The Stream, May 19: Mali Land Deal Raises Questions About Water Rights

The  Global Rundown

The Global Rundown

A land and water deal in Mali has stalled, leaving residents in a precarious situation, and a landslide killed more than 60 people in Colombia. The share of renewable energy is not growing fast enough to meet international targets, climate change could significantly hinder power generation in the United States, and water levels in Lake Mead could drop low enough to force water cuts in 2017.

“How can they guarantee water for foreigners and not us Malian people? It’s already difficult for us to survive.”–Binan Coulibaly,a farmer in Mali, on a major deal giving Libyan investors land and water rights in Mali’s Office du Niger region. Finalized in 2008, the agricultural development project stalled following the collapse of Libya’s government. (Reuters)

By the Numbers

By The Numbers

62 people Number killed when heavy rain and floods caused a landslide in Salgar, Colombia. Officials say there was no warning of the event. BBC News

4 percent per year Growth rate of the world’s renewable energy share, including hydropower, between 2010 and 2012. The growth rate needs to be 7.5 percent per year to meet international goals, a World Bank report found. Reuters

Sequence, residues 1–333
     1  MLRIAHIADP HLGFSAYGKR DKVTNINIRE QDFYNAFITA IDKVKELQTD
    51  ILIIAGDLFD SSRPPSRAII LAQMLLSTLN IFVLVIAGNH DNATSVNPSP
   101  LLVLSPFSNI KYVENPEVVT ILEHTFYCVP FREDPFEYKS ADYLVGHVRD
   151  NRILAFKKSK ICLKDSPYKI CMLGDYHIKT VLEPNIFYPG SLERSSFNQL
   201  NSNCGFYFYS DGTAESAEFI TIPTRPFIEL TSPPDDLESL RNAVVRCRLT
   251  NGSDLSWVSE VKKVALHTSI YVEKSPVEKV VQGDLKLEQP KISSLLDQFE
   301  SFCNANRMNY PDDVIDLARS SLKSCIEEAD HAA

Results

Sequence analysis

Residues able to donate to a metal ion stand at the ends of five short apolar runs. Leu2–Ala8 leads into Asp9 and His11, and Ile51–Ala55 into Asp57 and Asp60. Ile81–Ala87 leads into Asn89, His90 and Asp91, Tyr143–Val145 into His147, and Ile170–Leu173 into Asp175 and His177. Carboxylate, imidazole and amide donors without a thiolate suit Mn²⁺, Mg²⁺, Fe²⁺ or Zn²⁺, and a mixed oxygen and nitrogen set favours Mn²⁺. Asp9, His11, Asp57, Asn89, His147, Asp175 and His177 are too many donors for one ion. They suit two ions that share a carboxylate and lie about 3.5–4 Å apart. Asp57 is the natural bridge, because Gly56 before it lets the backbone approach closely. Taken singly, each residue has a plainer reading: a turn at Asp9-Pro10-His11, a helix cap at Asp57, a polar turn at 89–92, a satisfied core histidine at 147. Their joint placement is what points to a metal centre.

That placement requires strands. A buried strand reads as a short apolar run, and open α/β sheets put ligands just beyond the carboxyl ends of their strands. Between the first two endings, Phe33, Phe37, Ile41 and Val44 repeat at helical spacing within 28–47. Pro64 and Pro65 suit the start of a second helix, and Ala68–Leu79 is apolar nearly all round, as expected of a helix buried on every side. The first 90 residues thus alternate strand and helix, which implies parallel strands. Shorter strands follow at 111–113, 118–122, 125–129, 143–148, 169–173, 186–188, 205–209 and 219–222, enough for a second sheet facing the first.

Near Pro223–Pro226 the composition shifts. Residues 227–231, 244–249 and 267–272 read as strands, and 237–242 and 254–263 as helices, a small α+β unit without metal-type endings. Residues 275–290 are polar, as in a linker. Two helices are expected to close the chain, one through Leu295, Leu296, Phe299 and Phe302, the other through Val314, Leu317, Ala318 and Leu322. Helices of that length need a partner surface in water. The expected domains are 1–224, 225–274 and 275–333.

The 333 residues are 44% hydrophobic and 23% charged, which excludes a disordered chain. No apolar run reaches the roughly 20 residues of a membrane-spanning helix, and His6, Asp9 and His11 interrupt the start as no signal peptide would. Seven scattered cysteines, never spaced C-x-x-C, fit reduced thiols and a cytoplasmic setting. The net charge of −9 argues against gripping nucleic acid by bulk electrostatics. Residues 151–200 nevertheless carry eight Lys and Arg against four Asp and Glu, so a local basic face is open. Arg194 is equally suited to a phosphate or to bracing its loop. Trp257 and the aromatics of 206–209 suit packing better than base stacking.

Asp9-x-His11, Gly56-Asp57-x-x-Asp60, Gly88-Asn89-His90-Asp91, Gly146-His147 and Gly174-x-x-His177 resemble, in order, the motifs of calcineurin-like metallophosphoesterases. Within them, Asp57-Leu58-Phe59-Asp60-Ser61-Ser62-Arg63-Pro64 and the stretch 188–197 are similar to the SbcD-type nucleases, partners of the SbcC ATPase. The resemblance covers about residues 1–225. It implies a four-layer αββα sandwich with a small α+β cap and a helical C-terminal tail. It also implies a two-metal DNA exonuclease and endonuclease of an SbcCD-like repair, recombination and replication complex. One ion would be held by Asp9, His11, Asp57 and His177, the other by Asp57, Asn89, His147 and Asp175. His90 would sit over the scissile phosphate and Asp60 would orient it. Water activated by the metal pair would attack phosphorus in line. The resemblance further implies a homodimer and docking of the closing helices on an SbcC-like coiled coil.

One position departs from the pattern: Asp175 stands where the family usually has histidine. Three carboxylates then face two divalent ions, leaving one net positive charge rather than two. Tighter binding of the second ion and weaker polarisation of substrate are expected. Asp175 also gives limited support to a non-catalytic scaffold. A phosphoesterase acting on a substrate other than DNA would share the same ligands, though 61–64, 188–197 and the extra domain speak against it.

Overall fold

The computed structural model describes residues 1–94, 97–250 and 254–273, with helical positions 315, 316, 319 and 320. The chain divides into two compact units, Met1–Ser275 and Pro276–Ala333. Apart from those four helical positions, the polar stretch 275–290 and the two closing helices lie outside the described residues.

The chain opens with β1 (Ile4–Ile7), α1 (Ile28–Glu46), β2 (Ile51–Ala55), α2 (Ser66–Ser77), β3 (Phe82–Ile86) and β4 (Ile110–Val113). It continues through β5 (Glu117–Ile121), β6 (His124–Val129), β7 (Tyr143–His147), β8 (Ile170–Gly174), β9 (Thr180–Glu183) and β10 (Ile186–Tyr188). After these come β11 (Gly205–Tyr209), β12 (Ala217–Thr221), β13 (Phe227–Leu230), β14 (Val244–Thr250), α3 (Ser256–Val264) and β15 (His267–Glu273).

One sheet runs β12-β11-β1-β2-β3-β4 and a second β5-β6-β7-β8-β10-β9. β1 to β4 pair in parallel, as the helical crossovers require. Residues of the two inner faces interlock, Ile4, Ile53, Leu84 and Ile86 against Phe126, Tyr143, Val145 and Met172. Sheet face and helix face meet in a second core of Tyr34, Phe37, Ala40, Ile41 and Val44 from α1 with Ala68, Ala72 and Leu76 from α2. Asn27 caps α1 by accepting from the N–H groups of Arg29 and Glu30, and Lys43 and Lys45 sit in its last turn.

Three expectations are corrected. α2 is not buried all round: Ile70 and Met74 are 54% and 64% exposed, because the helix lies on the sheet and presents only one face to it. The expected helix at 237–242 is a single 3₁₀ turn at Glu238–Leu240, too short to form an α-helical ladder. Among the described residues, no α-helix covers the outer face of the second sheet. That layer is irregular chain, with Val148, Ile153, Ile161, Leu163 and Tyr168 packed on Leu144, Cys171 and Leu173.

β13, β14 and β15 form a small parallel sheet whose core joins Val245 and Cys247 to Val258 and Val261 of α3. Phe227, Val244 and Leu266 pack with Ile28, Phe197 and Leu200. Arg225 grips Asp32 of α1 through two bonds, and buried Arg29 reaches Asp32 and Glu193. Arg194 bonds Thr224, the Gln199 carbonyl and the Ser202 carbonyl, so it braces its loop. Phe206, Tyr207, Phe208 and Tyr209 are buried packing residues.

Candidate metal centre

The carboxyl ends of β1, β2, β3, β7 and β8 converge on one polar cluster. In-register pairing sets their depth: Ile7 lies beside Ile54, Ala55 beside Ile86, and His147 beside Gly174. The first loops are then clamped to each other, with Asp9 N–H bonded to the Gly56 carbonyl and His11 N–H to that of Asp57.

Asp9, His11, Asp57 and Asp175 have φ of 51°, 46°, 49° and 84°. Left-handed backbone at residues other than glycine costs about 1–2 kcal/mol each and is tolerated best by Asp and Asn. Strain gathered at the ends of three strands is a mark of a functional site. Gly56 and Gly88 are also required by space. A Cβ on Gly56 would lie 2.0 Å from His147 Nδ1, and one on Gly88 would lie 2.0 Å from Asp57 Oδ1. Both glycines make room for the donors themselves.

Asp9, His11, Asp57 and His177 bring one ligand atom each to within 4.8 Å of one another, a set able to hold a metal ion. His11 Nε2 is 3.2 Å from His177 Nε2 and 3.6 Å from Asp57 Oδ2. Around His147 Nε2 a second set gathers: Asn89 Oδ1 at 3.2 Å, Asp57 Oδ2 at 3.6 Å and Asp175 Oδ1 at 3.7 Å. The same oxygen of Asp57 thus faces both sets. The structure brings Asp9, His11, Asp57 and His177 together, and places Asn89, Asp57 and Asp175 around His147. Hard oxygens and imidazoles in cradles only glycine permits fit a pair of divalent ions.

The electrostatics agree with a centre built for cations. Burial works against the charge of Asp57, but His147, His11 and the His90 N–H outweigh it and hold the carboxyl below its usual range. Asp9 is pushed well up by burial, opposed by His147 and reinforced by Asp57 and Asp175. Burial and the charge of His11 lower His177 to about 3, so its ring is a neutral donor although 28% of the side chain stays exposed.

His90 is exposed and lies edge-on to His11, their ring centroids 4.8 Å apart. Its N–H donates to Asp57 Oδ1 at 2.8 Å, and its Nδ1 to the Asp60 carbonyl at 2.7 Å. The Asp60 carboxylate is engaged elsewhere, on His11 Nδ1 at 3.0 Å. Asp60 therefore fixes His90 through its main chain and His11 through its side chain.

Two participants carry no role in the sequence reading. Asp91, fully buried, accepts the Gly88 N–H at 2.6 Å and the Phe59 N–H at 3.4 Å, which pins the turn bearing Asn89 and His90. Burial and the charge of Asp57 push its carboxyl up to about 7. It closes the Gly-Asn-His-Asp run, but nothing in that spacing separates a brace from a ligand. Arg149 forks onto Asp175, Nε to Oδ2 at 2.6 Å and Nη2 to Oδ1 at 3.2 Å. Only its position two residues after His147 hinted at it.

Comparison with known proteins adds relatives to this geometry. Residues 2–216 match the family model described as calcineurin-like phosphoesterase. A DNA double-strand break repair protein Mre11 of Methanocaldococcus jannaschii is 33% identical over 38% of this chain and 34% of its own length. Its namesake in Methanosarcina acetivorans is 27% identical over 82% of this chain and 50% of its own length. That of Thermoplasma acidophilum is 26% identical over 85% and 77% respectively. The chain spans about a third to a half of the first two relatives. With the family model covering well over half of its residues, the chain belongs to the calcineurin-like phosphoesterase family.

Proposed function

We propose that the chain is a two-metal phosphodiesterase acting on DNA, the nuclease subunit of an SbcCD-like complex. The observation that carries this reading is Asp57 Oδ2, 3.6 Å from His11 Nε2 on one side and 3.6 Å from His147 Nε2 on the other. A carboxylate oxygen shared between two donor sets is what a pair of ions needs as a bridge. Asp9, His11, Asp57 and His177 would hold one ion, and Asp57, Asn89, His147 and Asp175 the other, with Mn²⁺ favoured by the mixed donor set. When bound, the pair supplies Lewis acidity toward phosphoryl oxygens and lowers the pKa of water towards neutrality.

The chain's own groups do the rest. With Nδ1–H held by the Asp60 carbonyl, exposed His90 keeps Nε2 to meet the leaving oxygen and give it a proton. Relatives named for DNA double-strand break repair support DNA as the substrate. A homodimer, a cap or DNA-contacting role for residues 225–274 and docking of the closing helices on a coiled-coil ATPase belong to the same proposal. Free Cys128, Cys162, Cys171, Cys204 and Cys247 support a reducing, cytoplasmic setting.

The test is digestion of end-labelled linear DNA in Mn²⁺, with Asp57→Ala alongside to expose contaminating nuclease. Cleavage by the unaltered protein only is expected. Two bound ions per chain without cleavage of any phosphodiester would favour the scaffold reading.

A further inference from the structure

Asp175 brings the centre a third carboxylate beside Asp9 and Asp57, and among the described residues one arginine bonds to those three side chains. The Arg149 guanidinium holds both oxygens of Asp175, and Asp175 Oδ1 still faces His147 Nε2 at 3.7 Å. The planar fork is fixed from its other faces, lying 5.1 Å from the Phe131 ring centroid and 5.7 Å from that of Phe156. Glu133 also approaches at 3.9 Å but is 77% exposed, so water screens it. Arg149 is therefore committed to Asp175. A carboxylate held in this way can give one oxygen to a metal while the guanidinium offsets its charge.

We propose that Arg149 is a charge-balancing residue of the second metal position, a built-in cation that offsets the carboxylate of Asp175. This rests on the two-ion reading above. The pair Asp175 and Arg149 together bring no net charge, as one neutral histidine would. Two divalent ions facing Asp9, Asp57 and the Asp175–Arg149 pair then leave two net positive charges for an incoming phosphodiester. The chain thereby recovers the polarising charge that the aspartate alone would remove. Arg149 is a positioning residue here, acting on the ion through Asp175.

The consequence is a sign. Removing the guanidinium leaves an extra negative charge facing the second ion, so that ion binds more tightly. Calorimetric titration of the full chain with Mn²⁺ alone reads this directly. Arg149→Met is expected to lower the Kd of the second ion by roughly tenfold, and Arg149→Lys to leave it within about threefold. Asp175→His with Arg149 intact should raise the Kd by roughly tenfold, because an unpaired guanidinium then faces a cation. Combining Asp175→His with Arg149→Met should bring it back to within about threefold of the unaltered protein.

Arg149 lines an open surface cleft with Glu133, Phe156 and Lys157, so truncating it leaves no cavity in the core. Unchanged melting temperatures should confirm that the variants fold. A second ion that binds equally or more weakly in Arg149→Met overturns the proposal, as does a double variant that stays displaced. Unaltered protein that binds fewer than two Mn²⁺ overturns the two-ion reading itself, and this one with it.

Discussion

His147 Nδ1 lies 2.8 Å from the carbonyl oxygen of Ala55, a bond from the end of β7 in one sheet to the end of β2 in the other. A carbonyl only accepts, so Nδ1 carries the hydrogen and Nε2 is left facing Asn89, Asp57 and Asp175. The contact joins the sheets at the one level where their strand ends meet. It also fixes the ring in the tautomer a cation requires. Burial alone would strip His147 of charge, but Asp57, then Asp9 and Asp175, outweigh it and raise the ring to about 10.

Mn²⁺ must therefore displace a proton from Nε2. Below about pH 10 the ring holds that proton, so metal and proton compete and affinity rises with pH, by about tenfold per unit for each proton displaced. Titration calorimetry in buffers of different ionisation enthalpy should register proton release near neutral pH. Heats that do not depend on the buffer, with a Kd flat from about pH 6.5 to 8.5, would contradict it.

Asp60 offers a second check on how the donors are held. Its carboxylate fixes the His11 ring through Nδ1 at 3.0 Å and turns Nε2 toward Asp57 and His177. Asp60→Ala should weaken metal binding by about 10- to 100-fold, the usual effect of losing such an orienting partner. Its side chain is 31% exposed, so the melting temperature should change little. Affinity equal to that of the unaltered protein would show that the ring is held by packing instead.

Science, Studies, And Reports

Drier and hotter conditions due to climate change could significantly inhibit future power generation in the western United States, according to researchers at Arizona State University. In a paper published in Nature Climate Change, they call for upgrades to help “climate-proof” power plants. National Science Foundation

On the Radar

On The Radar

Water levels in Lake Mead could drop so low by January 2017 that managers will need to cut water supplies to Arizona by 11.4 percent and to Nevada by 4.3 percent, according to the U.S. Bureau of Reclamation. Lake Mead is the largest reservoir in the United States. Associated Press

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